Foreign Bodies

Foreign Bodies

Tim S. Gibbs

Conventional radiography, fluoroscopy, computed tomography (CT), magnetic resonance imaging (MRI), nuclear medicine, and sonography have been used to demonstrate the presence of foreign bodies (FBs). The purpose of this chapter is to present the sonographic scanning technique to recognize, locate, and assist in the removal of various types of soft-tissue foreign bodies (STFBs) in superficial structures. Increasing sonographer and clinician awareness and confidence to choose sonography for STFB detection, localization, and removal may result in increased diagnostic accuracy and decreased diagnostic expense.


FBs can be separated into three distinct categories based on their composition (Table 27-1). Organic material refers to biologic plant material and animal products. Inorganic materials are usually man-made products composed of minerals or made from minerals but are not animal or vegetable in origin. Metallic materials are those products with a metal alloy.

Sensitivity and Specificity

Radiographic imaging for FBs has been used for many years with some degree of success. Because radiography relies on the density of the FB, it has varied sensitivities for imaging the different types of FBs. Radiography detects 98% of radiopaque objects such as gravel, most glass, and metal1; however, radiography detects only 15% or less of radiolucent FBs such as wood, plastic, some glass, and cactus spine.2 Despite the poor sensitivity of radiography to demonstrate many organic objects and some inorganic objects, conventional radiography remains the most commonly used imaging study for the evaluation of FBs in the emergency department.3 Consequently, many FBs are missed on initial evaluation. In fact, missed FBs are the second leading cause of malpractice lawsuits against emergency medicine physicians.4,5 Wound care litigation constitutes 5% to 20% of lawsuit claims against emergency medicine physicians and results in 3% to 11% of monetary rewards.6,7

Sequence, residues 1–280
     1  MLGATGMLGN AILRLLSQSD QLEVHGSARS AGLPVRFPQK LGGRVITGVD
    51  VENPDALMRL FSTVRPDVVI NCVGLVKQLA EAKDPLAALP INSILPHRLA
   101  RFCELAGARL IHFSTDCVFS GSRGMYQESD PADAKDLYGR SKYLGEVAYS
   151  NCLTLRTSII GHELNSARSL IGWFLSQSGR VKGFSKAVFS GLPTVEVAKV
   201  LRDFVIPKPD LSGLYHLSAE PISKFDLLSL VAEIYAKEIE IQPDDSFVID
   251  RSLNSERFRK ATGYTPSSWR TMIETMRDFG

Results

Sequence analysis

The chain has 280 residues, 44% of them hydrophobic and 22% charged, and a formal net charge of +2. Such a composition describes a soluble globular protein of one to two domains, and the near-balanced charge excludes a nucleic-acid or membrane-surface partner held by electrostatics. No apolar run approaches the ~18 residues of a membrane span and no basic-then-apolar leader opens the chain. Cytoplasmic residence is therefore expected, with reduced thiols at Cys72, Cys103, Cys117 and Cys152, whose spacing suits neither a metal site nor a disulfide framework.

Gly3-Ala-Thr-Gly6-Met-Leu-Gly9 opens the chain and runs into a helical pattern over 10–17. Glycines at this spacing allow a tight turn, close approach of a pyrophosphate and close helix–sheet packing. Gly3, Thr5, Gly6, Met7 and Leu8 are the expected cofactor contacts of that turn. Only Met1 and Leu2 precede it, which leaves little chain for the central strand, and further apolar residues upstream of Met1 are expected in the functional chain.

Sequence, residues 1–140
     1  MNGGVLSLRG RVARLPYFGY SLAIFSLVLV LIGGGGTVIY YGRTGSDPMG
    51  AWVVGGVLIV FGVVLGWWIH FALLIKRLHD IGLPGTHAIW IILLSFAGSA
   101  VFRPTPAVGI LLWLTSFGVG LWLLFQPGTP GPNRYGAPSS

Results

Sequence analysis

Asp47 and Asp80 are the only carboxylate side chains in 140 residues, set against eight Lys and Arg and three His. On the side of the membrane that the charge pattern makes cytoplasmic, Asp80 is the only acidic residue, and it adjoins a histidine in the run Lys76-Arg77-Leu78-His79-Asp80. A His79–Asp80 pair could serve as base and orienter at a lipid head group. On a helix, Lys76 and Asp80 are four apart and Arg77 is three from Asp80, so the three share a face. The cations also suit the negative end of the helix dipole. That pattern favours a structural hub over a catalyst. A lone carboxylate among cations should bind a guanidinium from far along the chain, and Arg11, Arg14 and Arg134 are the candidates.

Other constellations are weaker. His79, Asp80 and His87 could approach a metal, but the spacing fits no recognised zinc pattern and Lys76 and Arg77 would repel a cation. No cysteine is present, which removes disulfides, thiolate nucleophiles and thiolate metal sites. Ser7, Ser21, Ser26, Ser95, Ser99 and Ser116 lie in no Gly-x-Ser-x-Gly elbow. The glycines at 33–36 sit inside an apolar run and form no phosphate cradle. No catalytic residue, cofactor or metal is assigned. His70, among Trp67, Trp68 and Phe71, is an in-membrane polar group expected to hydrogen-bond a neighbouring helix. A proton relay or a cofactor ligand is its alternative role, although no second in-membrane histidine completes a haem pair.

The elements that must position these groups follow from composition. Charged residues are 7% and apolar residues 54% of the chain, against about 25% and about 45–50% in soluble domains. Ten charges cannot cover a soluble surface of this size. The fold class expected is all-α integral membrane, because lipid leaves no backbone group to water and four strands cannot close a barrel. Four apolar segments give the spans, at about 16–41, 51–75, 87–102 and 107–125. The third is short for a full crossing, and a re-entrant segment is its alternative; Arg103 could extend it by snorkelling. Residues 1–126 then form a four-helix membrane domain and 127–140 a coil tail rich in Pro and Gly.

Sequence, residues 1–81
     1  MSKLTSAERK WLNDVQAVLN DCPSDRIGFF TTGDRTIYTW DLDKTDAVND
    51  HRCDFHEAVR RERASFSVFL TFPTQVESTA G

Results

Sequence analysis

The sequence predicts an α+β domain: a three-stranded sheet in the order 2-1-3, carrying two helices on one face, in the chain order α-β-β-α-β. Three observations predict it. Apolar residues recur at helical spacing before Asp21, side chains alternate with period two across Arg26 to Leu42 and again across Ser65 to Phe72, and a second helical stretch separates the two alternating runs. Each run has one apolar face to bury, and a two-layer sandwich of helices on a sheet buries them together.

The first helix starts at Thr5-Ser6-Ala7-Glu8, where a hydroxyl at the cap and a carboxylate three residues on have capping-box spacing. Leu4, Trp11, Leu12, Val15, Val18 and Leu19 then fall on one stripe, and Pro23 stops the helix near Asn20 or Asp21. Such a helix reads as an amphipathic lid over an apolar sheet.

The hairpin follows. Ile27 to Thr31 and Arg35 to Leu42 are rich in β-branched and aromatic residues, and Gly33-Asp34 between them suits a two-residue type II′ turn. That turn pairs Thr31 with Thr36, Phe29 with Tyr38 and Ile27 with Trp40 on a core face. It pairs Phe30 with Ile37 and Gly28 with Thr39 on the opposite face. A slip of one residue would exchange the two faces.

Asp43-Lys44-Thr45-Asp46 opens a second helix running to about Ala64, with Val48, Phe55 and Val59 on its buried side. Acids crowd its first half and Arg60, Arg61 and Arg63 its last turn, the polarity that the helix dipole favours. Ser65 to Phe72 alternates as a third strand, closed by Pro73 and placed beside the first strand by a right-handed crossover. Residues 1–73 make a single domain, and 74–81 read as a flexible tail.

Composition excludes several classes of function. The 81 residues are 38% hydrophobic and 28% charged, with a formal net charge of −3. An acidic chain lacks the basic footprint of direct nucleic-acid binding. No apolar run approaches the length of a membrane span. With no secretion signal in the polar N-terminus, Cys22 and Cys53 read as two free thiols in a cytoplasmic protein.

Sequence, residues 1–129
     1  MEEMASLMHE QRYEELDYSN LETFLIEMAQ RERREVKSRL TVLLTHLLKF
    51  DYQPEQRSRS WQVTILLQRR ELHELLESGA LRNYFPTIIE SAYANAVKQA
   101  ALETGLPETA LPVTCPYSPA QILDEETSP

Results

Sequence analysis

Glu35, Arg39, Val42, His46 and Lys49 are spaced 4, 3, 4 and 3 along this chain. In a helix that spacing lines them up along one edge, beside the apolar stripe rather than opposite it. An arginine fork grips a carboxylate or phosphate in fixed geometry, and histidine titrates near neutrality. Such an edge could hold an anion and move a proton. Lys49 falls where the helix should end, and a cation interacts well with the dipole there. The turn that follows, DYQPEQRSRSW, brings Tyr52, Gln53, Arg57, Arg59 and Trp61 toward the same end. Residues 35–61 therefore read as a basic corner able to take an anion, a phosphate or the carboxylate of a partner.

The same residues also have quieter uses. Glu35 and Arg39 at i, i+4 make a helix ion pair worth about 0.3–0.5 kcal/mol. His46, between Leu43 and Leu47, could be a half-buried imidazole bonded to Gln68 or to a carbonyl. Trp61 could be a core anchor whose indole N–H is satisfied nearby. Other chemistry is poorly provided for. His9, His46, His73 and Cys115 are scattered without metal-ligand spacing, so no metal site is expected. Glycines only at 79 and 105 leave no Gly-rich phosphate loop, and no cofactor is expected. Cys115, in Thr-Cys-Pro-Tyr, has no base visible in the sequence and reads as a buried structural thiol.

Sonography performs well in demonstrating the FBs traditionally considered the most difficult to image on radiographic studies. In a retrospective study where radiography failed to demonstrate a STFB, sonography had a sensitivity of 95% and a specificity of 89%.8,9 In a prospective study using cadaver feet and wooden FBs, Jacobson et al.10 reported that sonography can reveal wooden FBs as small as 2.5 mm in length with 86.7% sensitivity and 96.7% specificity. At the time of this study, the resolution of the sonography equipment either makes visualizing FBs smaller than 2.5 mm more difficult or limits adequate visualization. The equipment used today are capable of resolving objects within ±1 mm. Most recently, Mecado and Hayre11 compared direct digital radiography (DDR) with sonography and concluded that sonography remains superior in identifying and detecting smaller FBs.

Sonography Equipment

Whenever possible, a 7-to-18-MHz high-resolution, linear array transducer should be used to obtain the images.12 A large-footprint transducer is generally preferable for initial FB imaging and localization, but a small-footprint transducer may be used when indicated. Maximizing image size by using a large, high-resolution monitor also facilitates FB identification. It may be difficult to identify small FBs on smaller monitors seen on some portable equipment. The visualization of superficial FBs may be facilitated by use of a water bath (Fig. 27-1). When it is necessary to increase the near field length for better visualization of the skin
surface and to place a superficial FB in the focal zone, the sonographer can use a standoff gel pad13, 14 and 15 or something as simple as a thicker layer of scanning gel10 (Fig. 27-2).